According to Karnataka Law Minister T B Jayachandra, the reservoirs in the Cauvery basin in Karnataka has the capacity to reserve only about 51 tmc of water at present, the people of state feels this quantity of water to be sufficient only to meet the need of the drinking water for the people in south Karnataka and not enough for release to Tamil Nadu.

“When the monsoon does not deliver to its full potential, neighbours turn foes in the Cauvery River basin in south India.” said Jayachandra. Over the last few years Tamil Nadu has become heavily dependent on the Cauvery River. Most of the agricultural land built in the region was near the river and thus most of the livelihood was totally dependent on Cauvery River. Today these poor farmers are arguing that their livelihood would get seriously affected if there happens to be a change in the distribution of water all of a sudden.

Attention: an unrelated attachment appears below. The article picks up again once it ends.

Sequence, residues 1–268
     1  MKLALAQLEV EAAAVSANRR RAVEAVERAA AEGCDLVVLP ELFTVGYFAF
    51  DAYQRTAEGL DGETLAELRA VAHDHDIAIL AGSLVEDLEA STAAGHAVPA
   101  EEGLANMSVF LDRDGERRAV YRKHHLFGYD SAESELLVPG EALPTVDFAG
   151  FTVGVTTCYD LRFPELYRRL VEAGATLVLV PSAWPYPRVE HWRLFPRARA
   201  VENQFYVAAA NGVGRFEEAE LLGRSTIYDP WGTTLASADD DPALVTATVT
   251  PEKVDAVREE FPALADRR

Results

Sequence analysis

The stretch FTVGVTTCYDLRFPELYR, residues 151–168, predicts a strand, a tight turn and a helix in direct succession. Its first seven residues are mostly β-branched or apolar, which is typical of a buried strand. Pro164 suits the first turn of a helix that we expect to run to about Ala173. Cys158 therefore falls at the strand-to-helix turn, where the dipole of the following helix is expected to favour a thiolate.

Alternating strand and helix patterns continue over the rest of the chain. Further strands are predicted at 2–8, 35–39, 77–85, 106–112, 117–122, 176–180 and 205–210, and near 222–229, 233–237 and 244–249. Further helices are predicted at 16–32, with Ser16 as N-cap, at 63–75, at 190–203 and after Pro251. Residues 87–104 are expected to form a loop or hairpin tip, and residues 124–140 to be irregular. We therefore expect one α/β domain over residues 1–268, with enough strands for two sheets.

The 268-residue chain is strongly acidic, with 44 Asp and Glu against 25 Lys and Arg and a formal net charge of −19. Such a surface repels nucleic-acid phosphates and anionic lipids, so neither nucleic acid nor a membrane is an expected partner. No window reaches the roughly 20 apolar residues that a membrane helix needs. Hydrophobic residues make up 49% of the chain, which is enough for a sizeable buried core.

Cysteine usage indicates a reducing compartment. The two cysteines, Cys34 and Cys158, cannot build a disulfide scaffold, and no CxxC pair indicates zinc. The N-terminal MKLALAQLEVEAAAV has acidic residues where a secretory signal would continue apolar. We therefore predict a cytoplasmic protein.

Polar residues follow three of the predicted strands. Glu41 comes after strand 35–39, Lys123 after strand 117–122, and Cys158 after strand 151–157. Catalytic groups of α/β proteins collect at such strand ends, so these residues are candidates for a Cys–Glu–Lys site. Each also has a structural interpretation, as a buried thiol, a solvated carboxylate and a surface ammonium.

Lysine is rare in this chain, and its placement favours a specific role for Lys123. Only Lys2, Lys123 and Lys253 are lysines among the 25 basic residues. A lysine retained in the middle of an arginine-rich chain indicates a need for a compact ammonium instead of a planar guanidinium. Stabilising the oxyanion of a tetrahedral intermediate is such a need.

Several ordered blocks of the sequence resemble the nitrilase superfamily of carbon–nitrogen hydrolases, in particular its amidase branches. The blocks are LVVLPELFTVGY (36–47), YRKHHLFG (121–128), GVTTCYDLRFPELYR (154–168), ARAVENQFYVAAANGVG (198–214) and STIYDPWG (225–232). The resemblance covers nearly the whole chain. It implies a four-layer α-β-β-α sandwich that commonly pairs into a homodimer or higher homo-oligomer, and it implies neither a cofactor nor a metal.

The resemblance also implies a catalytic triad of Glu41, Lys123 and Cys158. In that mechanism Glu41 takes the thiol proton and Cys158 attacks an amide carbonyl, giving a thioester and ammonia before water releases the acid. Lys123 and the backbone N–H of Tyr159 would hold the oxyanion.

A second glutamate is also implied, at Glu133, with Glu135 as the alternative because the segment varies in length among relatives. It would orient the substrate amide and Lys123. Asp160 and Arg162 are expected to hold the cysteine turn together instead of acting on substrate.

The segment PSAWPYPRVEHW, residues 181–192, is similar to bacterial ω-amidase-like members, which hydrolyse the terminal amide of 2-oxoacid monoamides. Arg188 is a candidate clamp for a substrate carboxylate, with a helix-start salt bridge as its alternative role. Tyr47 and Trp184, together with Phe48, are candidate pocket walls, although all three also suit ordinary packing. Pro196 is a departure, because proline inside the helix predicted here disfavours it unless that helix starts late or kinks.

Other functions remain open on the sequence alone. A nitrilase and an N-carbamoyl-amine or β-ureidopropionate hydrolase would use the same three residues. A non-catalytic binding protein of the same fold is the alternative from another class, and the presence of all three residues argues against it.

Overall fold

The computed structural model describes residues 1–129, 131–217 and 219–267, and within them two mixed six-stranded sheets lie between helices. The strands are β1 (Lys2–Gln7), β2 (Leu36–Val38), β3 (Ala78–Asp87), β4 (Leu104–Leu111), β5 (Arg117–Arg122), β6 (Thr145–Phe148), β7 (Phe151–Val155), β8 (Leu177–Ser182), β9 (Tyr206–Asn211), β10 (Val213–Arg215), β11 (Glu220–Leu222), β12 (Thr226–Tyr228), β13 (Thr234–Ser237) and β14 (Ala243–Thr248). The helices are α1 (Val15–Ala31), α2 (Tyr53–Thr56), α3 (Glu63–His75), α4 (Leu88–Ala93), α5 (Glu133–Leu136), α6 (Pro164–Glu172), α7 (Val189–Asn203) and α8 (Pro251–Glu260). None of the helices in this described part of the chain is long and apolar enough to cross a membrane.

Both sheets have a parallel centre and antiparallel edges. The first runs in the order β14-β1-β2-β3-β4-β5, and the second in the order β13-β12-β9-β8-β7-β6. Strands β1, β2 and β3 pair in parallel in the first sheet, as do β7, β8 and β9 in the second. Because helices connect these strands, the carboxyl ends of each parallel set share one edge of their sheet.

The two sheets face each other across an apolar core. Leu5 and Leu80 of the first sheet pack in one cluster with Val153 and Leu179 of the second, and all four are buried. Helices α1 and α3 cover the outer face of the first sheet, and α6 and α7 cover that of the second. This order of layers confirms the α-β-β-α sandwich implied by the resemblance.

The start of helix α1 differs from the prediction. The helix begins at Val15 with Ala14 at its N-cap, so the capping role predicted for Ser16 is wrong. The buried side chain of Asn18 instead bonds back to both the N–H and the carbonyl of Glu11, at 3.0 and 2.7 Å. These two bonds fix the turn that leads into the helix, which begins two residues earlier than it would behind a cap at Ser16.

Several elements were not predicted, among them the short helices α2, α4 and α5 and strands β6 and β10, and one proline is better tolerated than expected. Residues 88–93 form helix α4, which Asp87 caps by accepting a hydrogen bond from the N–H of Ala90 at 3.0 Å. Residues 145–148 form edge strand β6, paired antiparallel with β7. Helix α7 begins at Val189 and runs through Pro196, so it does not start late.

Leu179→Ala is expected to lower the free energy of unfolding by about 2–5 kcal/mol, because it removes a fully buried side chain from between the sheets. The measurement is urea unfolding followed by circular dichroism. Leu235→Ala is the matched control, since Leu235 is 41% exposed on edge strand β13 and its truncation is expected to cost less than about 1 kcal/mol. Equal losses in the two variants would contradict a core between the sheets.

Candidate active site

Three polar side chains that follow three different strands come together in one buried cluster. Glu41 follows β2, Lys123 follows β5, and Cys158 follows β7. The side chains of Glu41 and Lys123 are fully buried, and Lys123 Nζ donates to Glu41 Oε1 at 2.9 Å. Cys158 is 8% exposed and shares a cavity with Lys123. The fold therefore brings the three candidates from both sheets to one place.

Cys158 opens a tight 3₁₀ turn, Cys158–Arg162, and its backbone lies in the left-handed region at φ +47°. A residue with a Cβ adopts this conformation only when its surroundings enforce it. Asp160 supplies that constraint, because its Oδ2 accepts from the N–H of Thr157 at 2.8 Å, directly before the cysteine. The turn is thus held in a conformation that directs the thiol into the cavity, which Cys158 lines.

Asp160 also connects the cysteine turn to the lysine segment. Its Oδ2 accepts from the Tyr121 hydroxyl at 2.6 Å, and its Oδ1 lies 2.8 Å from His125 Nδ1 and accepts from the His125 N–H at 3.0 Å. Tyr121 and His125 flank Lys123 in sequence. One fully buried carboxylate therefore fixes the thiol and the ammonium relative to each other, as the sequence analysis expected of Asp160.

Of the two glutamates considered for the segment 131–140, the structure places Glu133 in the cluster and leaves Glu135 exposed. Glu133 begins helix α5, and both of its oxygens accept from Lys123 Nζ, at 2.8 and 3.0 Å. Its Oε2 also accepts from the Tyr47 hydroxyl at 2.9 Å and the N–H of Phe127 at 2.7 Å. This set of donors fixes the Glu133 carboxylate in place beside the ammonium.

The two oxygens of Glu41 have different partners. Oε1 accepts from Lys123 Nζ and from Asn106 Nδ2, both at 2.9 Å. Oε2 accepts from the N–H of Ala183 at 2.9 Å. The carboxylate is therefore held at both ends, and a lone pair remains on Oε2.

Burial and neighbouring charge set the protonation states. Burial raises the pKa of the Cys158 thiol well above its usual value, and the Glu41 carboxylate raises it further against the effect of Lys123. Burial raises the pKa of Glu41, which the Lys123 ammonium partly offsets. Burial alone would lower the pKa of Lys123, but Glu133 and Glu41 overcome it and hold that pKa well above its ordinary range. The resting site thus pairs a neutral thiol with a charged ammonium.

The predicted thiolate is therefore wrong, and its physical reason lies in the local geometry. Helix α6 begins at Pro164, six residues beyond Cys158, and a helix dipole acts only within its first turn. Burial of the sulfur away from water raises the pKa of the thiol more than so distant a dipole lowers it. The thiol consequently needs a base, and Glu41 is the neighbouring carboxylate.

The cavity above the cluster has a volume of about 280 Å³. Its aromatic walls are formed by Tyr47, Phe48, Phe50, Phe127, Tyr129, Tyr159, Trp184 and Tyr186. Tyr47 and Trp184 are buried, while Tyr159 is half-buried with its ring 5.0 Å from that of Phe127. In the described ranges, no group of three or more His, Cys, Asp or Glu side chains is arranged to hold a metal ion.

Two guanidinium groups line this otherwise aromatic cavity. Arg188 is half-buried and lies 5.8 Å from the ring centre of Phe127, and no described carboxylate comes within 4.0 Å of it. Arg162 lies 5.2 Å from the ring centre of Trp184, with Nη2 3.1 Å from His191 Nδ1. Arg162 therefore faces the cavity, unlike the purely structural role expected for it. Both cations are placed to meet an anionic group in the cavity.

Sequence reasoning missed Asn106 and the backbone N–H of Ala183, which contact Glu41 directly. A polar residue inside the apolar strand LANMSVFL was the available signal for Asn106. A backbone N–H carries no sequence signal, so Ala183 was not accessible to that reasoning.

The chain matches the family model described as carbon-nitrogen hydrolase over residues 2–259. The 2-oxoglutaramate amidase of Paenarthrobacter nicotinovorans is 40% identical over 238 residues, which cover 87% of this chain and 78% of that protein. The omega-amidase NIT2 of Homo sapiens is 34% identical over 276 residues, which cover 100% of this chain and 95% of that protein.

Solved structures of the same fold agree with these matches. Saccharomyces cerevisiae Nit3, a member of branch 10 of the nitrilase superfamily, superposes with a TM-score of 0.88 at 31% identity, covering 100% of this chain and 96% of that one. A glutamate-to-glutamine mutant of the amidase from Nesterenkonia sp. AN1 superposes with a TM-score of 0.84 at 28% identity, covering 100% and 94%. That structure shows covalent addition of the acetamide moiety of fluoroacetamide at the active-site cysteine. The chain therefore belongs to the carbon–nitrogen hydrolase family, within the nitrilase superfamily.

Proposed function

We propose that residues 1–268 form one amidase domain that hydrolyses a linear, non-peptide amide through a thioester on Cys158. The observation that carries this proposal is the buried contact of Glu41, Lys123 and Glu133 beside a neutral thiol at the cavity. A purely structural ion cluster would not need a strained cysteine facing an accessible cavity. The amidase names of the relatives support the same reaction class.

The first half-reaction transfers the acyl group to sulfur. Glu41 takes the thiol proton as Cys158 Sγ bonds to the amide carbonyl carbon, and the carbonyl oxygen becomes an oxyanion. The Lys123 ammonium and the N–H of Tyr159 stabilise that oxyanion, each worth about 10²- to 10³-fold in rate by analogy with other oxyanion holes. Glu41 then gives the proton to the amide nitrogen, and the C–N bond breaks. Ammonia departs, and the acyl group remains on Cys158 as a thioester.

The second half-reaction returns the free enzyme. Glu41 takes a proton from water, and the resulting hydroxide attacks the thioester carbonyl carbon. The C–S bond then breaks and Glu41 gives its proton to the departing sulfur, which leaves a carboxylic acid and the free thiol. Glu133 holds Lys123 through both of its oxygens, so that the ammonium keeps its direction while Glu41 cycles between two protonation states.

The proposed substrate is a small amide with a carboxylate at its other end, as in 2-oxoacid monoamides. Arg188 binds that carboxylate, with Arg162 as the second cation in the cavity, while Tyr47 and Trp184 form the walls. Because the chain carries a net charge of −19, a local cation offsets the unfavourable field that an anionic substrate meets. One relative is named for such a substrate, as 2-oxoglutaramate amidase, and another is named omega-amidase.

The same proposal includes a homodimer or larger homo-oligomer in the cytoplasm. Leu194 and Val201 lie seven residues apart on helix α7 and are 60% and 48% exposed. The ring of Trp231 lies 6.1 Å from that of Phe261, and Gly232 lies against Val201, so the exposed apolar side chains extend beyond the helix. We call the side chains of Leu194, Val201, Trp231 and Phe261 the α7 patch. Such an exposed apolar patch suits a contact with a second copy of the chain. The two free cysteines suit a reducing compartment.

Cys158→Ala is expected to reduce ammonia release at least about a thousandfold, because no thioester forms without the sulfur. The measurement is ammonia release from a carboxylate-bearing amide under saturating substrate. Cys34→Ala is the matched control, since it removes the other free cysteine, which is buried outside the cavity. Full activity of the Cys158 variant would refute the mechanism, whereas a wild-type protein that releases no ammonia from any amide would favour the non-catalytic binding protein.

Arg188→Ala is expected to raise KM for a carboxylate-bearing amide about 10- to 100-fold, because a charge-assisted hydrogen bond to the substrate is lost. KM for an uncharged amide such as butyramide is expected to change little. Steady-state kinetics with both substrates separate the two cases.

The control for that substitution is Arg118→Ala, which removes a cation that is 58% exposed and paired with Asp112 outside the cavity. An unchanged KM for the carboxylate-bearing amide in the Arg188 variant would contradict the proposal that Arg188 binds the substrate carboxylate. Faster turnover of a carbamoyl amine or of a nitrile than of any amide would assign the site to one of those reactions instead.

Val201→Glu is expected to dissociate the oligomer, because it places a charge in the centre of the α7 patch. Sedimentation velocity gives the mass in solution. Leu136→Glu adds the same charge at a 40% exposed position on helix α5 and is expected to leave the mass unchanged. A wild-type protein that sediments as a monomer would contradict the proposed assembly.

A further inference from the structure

As per a report released on February 5, 2007 the Cauvery Water Disputes Tribunal (CWDT) had ordered Karnataka to release 192 tmc of water to Tamil Nadu during regular monsoon, which the state failed to do. And following this came up the Supreme Court’s verdict, the Cauvery water-sharing row that turned the whole frame into more devastating. The verdict has escalated resulting in mass protests and bandhs called by pro-Kannada leaders across the two states. Many buses had remained stranded over the past few days, which were once used to be full with crowd. This is not the ultimate scenario of the water war.

The state is today witnessing some sporadic incidents of attacks may it be on the people or on a hotel. Following this the agitation within the individual souls have turned so worst that there are also reports of pelting of stones, ruckus at a bank and attacks on vehicles from both the States. Nevertheless to bring down the situation to a notch below the Supreme Court has modified its order and has redirected Karnataka to release 10,000 cusecs a day till September 20.

But has this step finally brought some relief to the problems which both the states were witnessing till today? The answer still remains unclear, no improvement as such has happened over the last few days but rather the situation has worsened and with that the future of the farmers is again under question.